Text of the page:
The race and appearance of Jesus have been discussed on a number of grounds since early Christianity, although the New Testament includes no description of the physical appearance of Jesus before his death and its narrative is generally indifferent to racial appearances.
Despite the lack of direct biblical or historical references, from the second century, various theories about the race of Jesus were advanced and debated. While many people have a fixed mental image of Jesus, drawn from his artistic depictions, these images often conform to stereotypes which are not grounded in any serious research on the historical Jesus, but are based on second or third hand interpretations of spurious sources.By the 19th century theories that Jesus was non-semitic, and in particular Aryan, were developed. However, as in other cases of the assignment of race to biblical individuals, these claims have been mostly subjective, based on cultural stereotypes and societal trends rather than on scientific analysis.
The New Testament includes no description of the physical appearance of Jesus before his death. Its narrative is generally indifferent to people's racial appearance or features.
The Synoptic Gospels include the account of the Transfiguration of Jesus, during which he was glorified with "his face shining as the sun." However, the Gospels do not provide details of Jesus' everyday appearance.
The Book of Revelation describes the features of a glorified Jesus (e.g. the head and hair as white, etc.) in a vision (1:13-16), but the vision refers to Jesus in heavenly form, after his death, not his appearance during his earthly life. Old Testament references about a coming Messiah (whom Christians believe to be Jesus) have been projected forward to form conjectures about the appearance of Jesus on theological, rather than historical, grounds; e.g. Isaiah 53:2 which refers to the scourged Messiah with "no beauty that we should desire him" and Psalm 45:2-3 which describes him as "fairer than the children of men", often interpreted as his physical description. Clarks' commentary accepts Lamentations 4:7 "whiter than milk" as referring to skin color. 1 Samuel 16:12 describes David, the ancestor of Jesus, as having "beautiful eyes" or "fair countenance. Despite the lack of direct biblical or historical references, from the second century onward various theories about the race of Jesus were advanced, e.g. by Justin Martyr, based on arguments on the genealogy of Jesus. These arguments have been debated for centuries. The second century anti-Christian philosopher Celsus wrote that Jesus was "ugly and small". The Church Fathers Saint Jerome and Saint Augustine of Hippo argued from a theological perspective that Jesus must have been ideally beautiful in face and body. For Augustine he was "beautiful as a child, beautiful on earth, beautiful in heaven". These theological arguments were further extended in the 13th century by Saint Thomas Aquinas in his Summa Theologiae based on his analysis of the Perfection of Christ, reasoning that Christ must have embodied every possible human perfection.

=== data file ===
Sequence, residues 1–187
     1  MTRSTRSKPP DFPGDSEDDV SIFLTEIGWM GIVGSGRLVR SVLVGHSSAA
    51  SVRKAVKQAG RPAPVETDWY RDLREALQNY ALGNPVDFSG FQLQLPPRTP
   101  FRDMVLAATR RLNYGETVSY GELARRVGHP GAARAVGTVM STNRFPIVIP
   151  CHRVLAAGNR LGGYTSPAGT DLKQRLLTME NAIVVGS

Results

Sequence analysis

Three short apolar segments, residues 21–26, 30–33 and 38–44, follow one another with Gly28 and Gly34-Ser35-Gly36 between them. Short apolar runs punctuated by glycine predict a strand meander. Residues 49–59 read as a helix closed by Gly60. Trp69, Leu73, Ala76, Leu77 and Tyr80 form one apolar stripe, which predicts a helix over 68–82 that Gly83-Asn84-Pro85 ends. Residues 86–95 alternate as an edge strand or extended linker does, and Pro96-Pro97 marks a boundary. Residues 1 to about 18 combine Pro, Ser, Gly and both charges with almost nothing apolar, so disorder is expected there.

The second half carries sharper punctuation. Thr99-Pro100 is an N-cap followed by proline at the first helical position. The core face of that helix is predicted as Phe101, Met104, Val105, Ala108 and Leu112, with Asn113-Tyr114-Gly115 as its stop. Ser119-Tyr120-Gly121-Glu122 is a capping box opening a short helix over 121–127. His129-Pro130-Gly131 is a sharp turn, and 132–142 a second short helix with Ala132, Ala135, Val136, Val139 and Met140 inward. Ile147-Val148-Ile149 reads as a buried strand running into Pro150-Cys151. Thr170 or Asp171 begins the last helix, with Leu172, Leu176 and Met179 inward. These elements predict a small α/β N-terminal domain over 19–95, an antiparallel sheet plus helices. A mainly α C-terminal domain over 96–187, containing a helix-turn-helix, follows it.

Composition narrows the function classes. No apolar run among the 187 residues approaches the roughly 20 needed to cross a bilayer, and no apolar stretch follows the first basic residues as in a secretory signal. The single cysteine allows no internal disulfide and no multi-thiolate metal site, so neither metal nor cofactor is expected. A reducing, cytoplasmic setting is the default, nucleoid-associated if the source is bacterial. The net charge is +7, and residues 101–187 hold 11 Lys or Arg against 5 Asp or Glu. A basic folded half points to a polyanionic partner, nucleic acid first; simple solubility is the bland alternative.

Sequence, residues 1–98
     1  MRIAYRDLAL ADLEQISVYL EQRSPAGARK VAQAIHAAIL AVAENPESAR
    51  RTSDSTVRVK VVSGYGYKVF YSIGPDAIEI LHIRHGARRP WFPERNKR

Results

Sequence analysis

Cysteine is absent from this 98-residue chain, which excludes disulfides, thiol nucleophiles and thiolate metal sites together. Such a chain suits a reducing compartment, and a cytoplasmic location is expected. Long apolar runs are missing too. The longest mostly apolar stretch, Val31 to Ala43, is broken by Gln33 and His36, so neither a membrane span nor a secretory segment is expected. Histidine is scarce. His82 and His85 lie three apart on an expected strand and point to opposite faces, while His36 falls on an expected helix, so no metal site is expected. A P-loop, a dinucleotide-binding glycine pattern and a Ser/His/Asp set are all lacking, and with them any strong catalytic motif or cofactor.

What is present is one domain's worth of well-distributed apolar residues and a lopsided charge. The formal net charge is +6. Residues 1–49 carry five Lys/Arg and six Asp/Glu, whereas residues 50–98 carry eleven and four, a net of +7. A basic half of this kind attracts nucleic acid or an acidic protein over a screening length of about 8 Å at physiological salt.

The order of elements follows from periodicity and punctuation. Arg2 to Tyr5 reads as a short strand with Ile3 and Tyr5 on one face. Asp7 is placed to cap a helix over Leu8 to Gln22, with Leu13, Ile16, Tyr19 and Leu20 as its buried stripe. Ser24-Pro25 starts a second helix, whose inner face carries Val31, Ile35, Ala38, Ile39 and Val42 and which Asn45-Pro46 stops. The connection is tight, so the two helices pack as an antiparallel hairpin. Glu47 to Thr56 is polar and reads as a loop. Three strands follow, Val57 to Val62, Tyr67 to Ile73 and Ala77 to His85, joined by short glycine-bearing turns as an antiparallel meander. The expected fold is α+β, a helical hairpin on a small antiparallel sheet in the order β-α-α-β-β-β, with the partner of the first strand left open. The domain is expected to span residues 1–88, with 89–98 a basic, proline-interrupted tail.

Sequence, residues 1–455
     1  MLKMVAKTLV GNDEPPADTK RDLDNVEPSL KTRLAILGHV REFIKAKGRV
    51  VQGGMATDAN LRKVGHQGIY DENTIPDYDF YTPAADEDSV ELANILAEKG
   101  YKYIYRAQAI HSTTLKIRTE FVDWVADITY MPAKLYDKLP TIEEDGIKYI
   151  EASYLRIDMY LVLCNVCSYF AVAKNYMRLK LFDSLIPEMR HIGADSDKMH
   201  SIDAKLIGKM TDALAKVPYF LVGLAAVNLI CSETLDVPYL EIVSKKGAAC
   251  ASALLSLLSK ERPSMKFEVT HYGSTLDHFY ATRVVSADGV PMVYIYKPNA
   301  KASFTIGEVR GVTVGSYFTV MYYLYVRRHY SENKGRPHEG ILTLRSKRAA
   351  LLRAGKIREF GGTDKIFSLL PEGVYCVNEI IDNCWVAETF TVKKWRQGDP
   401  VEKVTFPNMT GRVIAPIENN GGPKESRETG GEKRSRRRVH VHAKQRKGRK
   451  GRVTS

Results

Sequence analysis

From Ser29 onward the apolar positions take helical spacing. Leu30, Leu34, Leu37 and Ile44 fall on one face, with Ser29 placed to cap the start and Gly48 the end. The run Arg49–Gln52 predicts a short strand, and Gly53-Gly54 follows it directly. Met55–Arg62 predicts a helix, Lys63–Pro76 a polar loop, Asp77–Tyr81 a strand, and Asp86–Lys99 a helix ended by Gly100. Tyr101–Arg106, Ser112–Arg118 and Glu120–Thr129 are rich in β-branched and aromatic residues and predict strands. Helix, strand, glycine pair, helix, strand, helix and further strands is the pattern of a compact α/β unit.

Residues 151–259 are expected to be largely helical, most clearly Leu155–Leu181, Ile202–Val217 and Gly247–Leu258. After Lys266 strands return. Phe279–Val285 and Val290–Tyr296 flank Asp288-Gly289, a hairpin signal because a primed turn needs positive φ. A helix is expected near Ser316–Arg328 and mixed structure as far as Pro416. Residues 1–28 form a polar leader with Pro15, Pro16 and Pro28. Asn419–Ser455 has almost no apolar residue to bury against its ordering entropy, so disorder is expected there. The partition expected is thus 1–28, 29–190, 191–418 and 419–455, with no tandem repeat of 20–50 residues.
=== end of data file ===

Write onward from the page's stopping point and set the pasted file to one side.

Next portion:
In explaining the development of racial theories in the context of scripture, Colin Kidd, in his book The forging of races, argues that the assignment of race to biblical individuals has been a mostly subjective practice based on cultural stereotypes and societal trends rather than on scientific methods. Kidd reviews a number of theories about the race of Jesus, ranging from a white Aryan Jesus to a black African Jesus, illustrating that there is no general agreement among scholars on the race of Jesus
In his book Racializing Jesus, Shawn Kelley states that the assignment of a specific race to Jesus has been a cultural phenomenon emanating from the higher levels of intellectual circles within societies, and draws parallels between the seemingly different approaches within different settings. Cain Hope Felder has argued that New Testament passages such as Galatians 3:28 express a universalism that go beyond race. So in most cases its best to just focus on the importance of Jesus instead of his colour whether black or white he still serves the same purpose.